H&M and IKEA link up on large-scale study within recycled textiles
H&M is expanding its focus on making fashion greener and revealed on Thursday that it has been collaborating with Ikea on a large-scale study, reviewing chemical content in post-consumer textile recycling.
The company is using a larger number of recycled materials in its products as one of the key elements in the group’s ambition to become 100% circular and renewable and said that “working strategically to reach our sustainability ambitions, using science and partnerships,” will help it get there.
But it’s aware that simply diving into textiles recycling could cause problems of its own as “the chemical content of collected pre-owned textiles are unknown, so to ensure the safe reuse of materials in the circular system, we must ensure good chemical management.”
Its large-scale study with Ikea, looking at chemical content in post-consumer textile recycling, has been under way since last year, it has just said.
“Recycled materials are key elements in a circular economy. However, increasing the use of recycled materials whilst ensuring that we keep these textiles free of toxic chemicals presents a challenge for the industry. We’re pleased to announce that H&M Group and IKEA have joined forces in a study to address this challenge,” said Anna Biverstål, Global Business Expert on Materials at H&M Group.
The news was announced at the annual Textile Exchange Sustainability Conference that’s running this week with companies and organisations from more than 25 countries taking part.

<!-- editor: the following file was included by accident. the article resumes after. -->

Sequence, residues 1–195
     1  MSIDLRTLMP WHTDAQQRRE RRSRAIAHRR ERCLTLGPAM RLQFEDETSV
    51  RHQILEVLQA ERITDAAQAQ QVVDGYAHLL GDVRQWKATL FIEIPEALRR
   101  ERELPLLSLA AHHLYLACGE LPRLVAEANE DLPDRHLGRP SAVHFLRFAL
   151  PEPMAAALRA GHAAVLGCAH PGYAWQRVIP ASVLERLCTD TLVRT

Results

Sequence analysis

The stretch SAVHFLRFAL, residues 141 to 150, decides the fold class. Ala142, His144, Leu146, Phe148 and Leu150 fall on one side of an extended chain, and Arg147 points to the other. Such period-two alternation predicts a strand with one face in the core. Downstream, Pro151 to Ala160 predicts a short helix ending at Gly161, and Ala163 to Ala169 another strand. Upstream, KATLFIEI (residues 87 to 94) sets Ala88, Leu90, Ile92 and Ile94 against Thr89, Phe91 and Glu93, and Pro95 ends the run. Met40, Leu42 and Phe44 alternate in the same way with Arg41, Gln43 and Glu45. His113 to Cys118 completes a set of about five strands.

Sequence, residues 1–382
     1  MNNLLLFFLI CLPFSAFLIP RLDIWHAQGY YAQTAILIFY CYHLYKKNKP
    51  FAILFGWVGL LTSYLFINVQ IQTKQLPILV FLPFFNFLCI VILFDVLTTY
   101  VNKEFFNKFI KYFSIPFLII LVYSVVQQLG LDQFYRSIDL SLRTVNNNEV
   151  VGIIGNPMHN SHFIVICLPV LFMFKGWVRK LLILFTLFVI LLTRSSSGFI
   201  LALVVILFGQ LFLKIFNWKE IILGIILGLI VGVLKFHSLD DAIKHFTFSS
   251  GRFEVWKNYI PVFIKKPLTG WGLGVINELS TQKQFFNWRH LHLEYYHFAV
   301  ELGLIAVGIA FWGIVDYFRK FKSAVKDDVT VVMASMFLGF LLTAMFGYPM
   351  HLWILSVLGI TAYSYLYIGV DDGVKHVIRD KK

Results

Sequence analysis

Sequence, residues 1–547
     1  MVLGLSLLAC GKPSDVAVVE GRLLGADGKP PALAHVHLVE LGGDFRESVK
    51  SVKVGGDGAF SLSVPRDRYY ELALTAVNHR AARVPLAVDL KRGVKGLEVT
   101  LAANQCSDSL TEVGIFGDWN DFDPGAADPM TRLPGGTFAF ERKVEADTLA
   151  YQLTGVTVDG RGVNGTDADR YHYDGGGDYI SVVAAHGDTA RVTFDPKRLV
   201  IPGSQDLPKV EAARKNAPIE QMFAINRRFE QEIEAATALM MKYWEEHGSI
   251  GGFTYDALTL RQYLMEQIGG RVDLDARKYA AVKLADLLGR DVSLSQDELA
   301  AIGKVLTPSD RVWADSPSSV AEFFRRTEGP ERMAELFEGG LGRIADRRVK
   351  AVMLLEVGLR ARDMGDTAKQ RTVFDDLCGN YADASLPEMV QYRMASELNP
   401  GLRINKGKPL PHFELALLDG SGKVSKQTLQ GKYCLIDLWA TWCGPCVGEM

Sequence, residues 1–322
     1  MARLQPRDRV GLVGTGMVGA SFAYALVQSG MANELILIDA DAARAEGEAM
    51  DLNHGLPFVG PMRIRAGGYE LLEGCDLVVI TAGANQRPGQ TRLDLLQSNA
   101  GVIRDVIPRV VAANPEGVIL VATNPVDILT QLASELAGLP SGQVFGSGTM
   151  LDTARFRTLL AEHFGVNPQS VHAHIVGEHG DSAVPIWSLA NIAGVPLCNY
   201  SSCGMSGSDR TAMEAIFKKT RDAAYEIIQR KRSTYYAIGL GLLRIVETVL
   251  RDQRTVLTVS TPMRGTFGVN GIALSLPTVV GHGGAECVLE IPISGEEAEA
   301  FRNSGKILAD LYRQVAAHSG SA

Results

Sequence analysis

The two Swedish retail giants have conducted over 8,000 tests on collected recyclable textiles and think they will “have better possibilities to develop an action plan for the use of recycled textiles, while meeting our strict safety standards.”
In fact, they believe their results could influence the wider industry and form the basis for future legislation. “The ambition for the study is also to use the findings to encourage industry peers towards increased use of recycled textiles,” they said. “The results gathered could potentially also serve as a base for further legislation and standardisation regarding chemicals in recycled textiles.”
The initial focus for the study has been post-consumer cotton, with polyester and wool-rich post-consumer textiles to be included as the study progresses.
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